In 2006, filmmaker Jean-Michel Cousteau, son of the explorer Jacques Cousteau, screened his documentary, Voyage to Kure, about the waters northwest of Hawaii. The theater was the White House and his audience was President George W. Bush.
Bush was apparently moved by the images of rare sea turtles, sharks and coral, so moved in fact that within months he used his executive authority to protect a patch of ocean, called Papahānaumokuākea. It's an area almost the size of Montana and, at the time, was the world's largest fully protected marine reserve.
“It’s an area like a national park, it’s an area that’s closed off to commercial extraction and fishing,” said Matt Rand, who directs the Global Ocean Legacy Project with the Pew Charitable Trusts. “And it’s an opportunity for that area to recover and become a healthy ecosystem.”
In the past decade, Rand’s group has helped the US and other governments protect almost a million square miles of ocean. The United Kingdom currently manages the world's largest fully protected marine reserve in the Indian Ocean, around the Chagos Islands, an area roughly the size of France. Earlier this summer, the Obama administration announced that it would create the largest reserve yet — in US waters in the south Pacific.
When Rand looks at the globe, he still seesa lot more ocean that needs help. It’s tough work convincing governments to protect their seas. It can be even harder to keep vast areas in the middle of the ocean safe.
“No question about it, they are huge challenges,” said Rand. “We’ve been looking into the satellite technologies and actually starting to use satellite technologies to help monitor those waters. So we’ve actually been able to identify vessels that are engaged in illegal fishing activity in a number of the different locations in which we’re working.”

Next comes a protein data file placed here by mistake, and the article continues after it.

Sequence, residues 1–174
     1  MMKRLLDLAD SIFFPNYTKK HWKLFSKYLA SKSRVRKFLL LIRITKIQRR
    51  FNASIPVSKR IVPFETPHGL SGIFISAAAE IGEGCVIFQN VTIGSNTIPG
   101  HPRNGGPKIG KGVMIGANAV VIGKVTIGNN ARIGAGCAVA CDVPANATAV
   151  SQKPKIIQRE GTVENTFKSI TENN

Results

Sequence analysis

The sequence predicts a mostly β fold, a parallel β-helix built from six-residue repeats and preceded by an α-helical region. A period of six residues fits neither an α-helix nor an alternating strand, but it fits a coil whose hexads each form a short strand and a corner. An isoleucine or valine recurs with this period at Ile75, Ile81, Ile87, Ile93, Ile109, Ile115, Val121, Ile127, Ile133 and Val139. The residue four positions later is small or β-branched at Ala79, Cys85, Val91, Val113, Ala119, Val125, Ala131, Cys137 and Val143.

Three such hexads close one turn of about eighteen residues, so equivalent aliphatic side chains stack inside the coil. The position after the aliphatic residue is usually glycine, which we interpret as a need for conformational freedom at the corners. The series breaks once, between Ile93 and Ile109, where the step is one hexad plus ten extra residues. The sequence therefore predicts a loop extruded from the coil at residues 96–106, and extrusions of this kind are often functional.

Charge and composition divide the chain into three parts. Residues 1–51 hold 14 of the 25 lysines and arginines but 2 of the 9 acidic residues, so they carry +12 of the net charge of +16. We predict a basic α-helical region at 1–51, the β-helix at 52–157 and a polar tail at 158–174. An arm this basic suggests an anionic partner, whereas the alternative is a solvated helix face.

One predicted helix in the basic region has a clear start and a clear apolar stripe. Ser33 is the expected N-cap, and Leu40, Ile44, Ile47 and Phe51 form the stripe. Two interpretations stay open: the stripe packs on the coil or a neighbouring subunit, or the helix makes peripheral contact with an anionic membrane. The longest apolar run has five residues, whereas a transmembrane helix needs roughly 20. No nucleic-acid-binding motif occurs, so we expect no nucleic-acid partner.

Spotting an illegal fisherman is the easy part though. Then authorities have to get a ship out there to nab them. It’s only a crime if you get caught, right?
Pew Charitable Trusts
But Rand said just the act of declaring an area a marine reserve helps.
“If you’re an illegal fisherman out there, let’s say around the waters of Palau, and the Palau president announces that his waters are a marine sanctuary and if you enter into them, we now have new strict fines and we’re going to confiscate your vessel. There’s automatically a deterrent.”
Let’s cut to the chase: Does it work? Consider Papahānaumokuākea.
“I think it, like other marine areas, were closed as a risk-prevention action,” said University of Rhode Island oceanographer Jeremy Collie. “It wasn’t a particular activity that was going on that was of concern.”
Thus, it's hard to evaluate the success of the marine reserve. Still, Collie added, it’s good to get ahead of the curve. Think of Yellowstone National Park in 1872 — Congress and President Ulysses S. Grant preserved the area not to stop plundering, but to prevent it.
With oceans today, Collie said governments need to make a choice.
“These are economic allocation decisions. But there are certain values, wildlife values, that are very difficult to quantify. That’s where people’s own values come into play,” Collie said.
Those values differ for different people, of course.
“When you try and protect anything, it seems that there are always people that are unhappy with that,” said Rand. “We have lots of fisherman that are not happy with this idea. There are those that are interested in deep sea minerals that oppose the idea of fully protecting areas.”
Still, Rand is steadfast: There’s a strong argument for doing more, a lot more.
“We have scientific reports that indicate 90 percent of the large predatory fish, like sharks, tuna, sword fish, cod, have already been depleted,” Rand said. “Most people are really not aware that our oceans are in a critical situation, they’re in a severe decline.”
Besides supporting marine life, healthy oceans also suck greenhouse gasses from the atmosphere and support tourism.
The Obama administration says it will decide this fall exactly where and how big that new South Pacific marine reserve will be. Rand wants the administration to go big. He cites scientific research calling for the protection of 30 percent of the world’s oceans. They’ve got a ways to go. So far, Pew has helped protect close to a million square miles of ocean, impressive no doubt, but equivalent to about 1.5 percent ofjust the Pacific Ocean.
From PRI's The World ©2015 Public Radio International